- Arming women with legal and constitutional rights is inadequate without an attitudinal change in society
Jun 4, 2017-
Women empowerment implies the ability of women to take decisions about their life and work; it also implies the provision of equal rights in all spheres, be they personal, social, economic, political or legal. It is a much-talked about issue today. Women are increasingly becoming empowered and deciding the course of their life to realise their full potential.
Women are steadily gaining control over their lives, working alongside men and making their own decisions about their education, career and lifestyle. From urban areas to remote towns and villages, working women are now making their voices heard. They are no longer willing to play second fiddle to their male counterparts. Educated or not, they are asserting their social and political rights and making their presence felt, regardless of their socio-economic backgrounds.
Striking a balance
There has been a steady increase in the number of working women. This has given them confidence to lead their own lives and build their own identities. They are successfully taking up diverse professions and proving that they are second to none. But while doing so, women also take care to strike a balance between their commitment to their profession and to their home and family. Many of them are playing multiple roles as mothers, daughters, sisters, wives and working professionals with remarkable ease. No one can ever ignore the importance of the role of a mother, sister or a daughter. At the same time, women have also established themselves as equal contributors in managing their home finances.
Women empowerment is a process of enhancing women’s control over society’s resources. In any nation, women empowerment can be measured by the extent of their involvement in social, economic and political fields. Women can be said to be truly empowered only when various factors such as the self-worth of women, their right to control their own lives and their ability to bring about social change are addressed simultaneously.
Women empowerment, in the truest sense, will be achieved only when there is an attitudinal change in society. There needs to be a change whereby women are treated with respect, dignity, fairness and equality. We are living in an age where women the world over are working shoulder-to-shoulder with men. They are now empowered to make decisions about different aspects of their life and profession. This enables them to lead their lives with self-esteem, dignity and freedom—financial and otherwise.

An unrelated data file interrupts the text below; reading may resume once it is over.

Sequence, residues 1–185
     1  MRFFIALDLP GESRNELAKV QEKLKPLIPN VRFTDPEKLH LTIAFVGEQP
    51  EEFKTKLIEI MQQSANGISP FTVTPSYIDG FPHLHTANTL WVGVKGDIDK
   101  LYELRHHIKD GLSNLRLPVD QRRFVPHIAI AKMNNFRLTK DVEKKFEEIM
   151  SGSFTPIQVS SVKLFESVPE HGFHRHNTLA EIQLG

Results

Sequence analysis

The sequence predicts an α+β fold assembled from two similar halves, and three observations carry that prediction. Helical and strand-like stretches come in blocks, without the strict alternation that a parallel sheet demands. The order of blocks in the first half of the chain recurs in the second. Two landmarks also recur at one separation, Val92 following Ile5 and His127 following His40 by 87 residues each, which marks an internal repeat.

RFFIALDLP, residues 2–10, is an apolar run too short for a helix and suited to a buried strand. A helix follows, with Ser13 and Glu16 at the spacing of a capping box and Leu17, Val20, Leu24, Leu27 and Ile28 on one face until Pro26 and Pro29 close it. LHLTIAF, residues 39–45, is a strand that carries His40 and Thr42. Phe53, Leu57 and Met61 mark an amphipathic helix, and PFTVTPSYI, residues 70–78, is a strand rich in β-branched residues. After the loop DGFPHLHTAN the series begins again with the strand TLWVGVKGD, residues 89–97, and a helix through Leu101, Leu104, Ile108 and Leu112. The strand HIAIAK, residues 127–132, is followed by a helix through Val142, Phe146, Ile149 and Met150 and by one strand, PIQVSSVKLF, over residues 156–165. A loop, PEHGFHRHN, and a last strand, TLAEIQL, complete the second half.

Empowerment acts as a powerful tool against exploitation and harassment. Without women’s empowerment, we cannot remove injustice, gender bias and inequality. If not socially and economically empowered, women cannot develop their own identity.
Due to long-prevailing gender discrimination and dominance of men in Nepali
society, women have been suppressed.
They have also been victims of violence and discrimination. In rural areas, the condition of women is far from satisfactory and their contribution to the economy is negligible. Though they represent almost 50 percent of the population, they have not been given equal opportunities. Nepal cannot prosper as long as its women are discriminated against.
Positive changes can now be seen and the patriarchal system of society is gradually losing its hold. Women are now claiming socio-political rights for themselves. Successive governments have implemented various constitutional and legal measures to help women lead purposeful and meaningful lives. There is an increasing awareness about women’s rights, which is evident in the emergence of several NGOs and self-help groups. At the individual level too, women are now breaking the shackles of suppression and making their voices heard. But unless there is attitudinal change in society towards women, merely arming them with legal and constitutional rights will be inadequate. There is still a need for eliminating the patriarchal mindset.
Contemporary societies across the world have undergone major social and economic transformation. However, some of these processes have augmented gender imbalances in which women remained the ultimate sufferers. This needs to be remedied through inclusive participation. For successful modernisation of society, it is important to empower women on all fronts—social, economic and political.
- Bhattarai works in the Human Resource Department at Kantipur Publications
Published: 04-06-2017 08:29